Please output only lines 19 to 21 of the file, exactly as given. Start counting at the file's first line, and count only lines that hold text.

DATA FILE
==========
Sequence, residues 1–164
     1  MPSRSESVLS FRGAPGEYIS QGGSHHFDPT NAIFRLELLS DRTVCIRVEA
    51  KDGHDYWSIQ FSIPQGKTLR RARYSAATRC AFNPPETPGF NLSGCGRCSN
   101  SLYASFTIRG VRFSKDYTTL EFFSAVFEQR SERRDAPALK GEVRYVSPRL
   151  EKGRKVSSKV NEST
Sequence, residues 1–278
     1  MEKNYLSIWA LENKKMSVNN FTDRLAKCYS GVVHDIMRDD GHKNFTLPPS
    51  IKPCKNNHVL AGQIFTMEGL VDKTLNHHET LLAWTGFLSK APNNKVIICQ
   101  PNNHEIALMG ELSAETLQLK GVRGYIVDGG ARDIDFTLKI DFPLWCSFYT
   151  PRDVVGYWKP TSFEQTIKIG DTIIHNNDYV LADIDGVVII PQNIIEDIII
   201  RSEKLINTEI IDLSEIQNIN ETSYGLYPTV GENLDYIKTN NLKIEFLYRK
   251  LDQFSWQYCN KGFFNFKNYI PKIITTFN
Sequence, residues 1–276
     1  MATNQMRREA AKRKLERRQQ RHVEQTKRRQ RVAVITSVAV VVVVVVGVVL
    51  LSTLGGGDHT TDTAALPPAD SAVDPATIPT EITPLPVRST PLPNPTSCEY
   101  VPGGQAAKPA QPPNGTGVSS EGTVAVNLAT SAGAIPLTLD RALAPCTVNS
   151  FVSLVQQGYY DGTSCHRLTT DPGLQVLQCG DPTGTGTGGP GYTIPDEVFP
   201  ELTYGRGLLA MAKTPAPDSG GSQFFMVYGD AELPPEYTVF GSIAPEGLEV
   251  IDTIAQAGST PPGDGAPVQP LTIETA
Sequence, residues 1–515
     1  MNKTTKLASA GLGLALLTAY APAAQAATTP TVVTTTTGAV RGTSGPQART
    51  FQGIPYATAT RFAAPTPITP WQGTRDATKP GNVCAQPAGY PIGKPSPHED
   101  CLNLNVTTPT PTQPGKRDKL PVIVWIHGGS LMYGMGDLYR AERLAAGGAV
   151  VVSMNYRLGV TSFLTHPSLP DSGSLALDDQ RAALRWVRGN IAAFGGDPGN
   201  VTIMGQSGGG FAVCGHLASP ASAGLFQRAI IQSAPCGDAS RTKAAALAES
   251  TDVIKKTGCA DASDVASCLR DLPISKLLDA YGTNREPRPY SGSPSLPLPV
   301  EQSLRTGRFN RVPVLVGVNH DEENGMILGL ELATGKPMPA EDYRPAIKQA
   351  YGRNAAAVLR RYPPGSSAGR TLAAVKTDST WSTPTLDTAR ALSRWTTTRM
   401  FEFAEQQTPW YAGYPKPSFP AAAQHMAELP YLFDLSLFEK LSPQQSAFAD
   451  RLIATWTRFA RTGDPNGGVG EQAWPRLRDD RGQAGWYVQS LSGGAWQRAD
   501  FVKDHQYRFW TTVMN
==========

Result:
   251  IDTIAQAGST PPGDGAPVQP LTIETA
Sequence, residues 1–515
     1  MNKTTKLASA GLGLALLTAY APAAQAATTP TVVTTTTGAV RGTSGPQART